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Zimbabwe celebrates the honouring of a hero without bones

25 May 2021 at 10:33hrs | Views
The 25th May 2021 marks the day the imposing wonderful statute of Nehanda Nyakasina is unveiled. Nehanda has become the symbol of Zimbabwe.s liberation struggle. She has cultivated the spirit of freedom in the hearts of many Zimbabweans. She has led her army of freedom fighters from her humiliation in the museum in the museum of human body parts in the United Kingdom. Hers is a freedom beyond the enemy lines. Nehanda taught us many things from the dead. She has taught us that from the bondage and humiliation of being displayed in a foreign land as a symbol of defeat in the victory she led, she saw us through to this day.

The words of Nehanda to Zimbabweans are selfless and never selfish. Just towards her death words which resonate with her were being proclaimed at an occasion like this one today. In America at the unveiling of the statue of liberty which showed a woman holding a flame, these words were said as the last line of an October 1886 Statue of Liberty dedication speech read: "There is room in America and brotherhood for all who will support our institutions and aid in our development. But those who come to disturb our peace and dethrone our laws are aliens and enemies forever"

Nehanda said the similar words as the white men came in Zimbabwe; she said again at her death that my bones will rise again. This cry became the battle cry and indeed these words helped and strengthened our people our soldiers until freedom. As in the case of the three Hebrews in the fiery fire furnace, when they were saved from the furnace they forgot the one who saved them in the furnace. So as Zimbabweans today they have left the bones which grew in them in a museum in England. This is a Shame on us all.

Mbuya Nehanda's statute will Not be like the brazen giant of Greek fame, With conquering limbs astride from land to land; It will gracefully look over us from two main streets but with dignity and honour. A mighty woman with fire, whose flame torched the colonisers out of Zimbabwe, whose bones ironically remain, trapped in the land of her killers.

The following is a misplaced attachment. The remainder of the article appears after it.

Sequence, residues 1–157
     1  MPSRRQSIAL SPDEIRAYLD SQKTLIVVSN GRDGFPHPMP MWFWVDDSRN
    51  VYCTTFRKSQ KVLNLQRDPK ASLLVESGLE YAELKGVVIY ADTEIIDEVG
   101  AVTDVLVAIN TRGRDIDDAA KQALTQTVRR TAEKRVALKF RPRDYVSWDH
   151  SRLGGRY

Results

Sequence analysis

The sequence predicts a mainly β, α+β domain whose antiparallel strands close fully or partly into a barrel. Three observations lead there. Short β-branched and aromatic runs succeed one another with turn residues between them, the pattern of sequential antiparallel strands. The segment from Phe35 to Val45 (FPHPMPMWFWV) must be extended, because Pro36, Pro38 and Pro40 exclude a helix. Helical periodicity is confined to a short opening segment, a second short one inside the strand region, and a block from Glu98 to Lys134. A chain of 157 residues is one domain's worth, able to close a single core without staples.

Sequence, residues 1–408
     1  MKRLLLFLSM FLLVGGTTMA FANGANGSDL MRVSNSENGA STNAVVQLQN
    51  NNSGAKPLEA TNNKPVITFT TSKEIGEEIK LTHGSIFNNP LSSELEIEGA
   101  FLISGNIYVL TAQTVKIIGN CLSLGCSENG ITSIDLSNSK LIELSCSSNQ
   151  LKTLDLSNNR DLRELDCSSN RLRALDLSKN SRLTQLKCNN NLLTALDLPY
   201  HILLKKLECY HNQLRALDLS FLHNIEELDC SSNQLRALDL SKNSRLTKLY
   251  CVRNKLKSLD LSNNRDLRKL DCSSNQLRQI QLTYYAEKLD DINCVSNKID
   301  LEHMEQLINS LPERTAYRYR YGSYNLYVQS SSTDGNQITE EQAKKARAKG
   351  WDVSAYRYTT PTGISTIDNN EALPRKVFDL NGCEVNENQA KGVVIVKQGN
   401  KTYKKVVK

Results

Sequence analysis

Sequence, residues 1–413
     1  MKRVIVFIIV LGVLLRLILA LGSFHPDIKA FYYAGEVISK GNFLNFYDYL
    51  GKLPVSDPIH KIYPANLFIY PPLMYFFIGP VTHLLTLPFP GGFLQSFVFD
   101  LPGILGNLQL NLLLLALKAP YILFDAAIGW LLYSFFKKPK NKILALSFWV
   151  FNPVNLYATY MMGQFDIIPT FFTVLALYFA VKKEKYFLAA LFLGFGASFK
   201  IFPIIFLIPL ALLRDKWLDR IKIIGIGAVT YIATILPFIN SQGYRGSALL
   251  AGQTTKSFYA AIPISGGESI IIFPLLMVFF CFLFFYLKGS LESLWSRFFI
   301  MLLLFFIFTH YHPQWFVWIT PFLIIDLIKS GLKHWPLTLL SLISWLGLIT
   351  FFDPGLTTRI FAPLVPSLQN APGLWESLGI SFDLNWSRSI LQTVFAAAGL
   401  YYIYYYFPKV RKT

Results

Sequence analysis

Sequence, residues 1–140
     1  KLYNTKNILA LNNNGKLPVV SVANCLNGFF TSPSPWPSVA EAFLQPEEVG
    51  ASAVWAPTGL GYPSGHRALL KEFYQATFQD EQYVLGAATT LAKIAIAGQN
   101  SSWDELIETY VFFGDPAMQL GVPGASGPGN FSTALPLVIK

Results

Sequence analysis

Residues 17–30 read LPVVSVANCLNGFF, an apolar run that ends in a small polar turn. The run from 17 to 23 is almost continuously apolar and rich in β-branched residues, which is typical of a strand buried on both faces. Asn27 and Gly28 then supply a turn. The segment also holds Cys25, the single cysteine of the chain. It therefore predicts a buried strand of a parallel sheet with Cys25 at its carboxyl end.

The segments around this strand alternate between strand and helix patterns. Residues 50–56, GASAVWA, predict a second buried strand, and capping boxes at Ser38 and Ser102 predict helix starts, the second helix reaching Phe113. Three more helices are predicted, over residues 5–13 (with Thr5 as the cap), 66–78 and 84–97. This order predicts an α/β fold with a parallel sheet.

Is the imprisoned lightning and her name Nehanda Nyakasikana will remain entrenched in the lips of those who needed her most? Nehanda remains exiled by those she liberated and her name now is Mother of Exiles. From her beacon-arms country-wide welcome; her mild eyes command the air-bridged cross roads that twin roads frame. "Keep, my bones, your storied pomp!" cries she with silent lips. "Give me your tired, your poor, Your huddled masses yearning to breathe free,

The wretched refuse of your streets. Send these, the homeless, tempest-toast to me, together with my bones screamed Nehanda.

It is now almost a century and a half years since the great Grandmother the first woman commander was murdered, having given continual, dedicated service to this country.

The completion of a fitting memorial that not only commemorates the life of someone who was held in such deep affection throughout Zimbabwe and the entire Africa, but also commemorates the life and unflinching contribution of the great she warrior is a cause for celebration and joyful nostalgia. The unveiling of the statute is not a small thing it is the greatest honour which took us forty one years to realise.

At long last the nation and Mbuya Nehanda are reunited in this joint symbol which, in particular, reminds us of all they stood for, and meant to so many, during the darkest days this country has ever faced. But the statute alone will need the confirmation of the bones, they need to be together. This is an incomplete fete.

Today we celebrate with joy mingled with sadness, but also intense gratitude for the role she performed with such consummate grace and inspiration. Yet a question rings loudly in our minds, where are the risen bones?

All of those to gather there today will, I know, will need the bones to be under the shadow of the statute. We all remember Nehanda's vitality, her interest in the lives of others, her unbounded courage and determination that allowed her – incredibly – to continue her military life to the very end of her life. her perceptive and spiritual wisdom, her calm in the face of all adversities, her steadfast belief in her bones and her people and, above all, her irresistible, irrepressible sense of valour and strength. These are the qualities and characteristics we recall today with love, pride and thanksgiving. Yet the bones are not there.

Zimbabwe must look beyond the statute, we need to do what is right and bring them back home. Why we are not worried.

In the land of the Mbaris vasingarare, there are missing bones. Have we told chief Mbari about our act of goodness and erecting this spiritual statute in the shadows of the unrecognised chief with no land?

Bring back Nehanda's bones they are yearning to come home.

vazet2000@yahoo.co.uk


Source - Dr Masimba Mavaza
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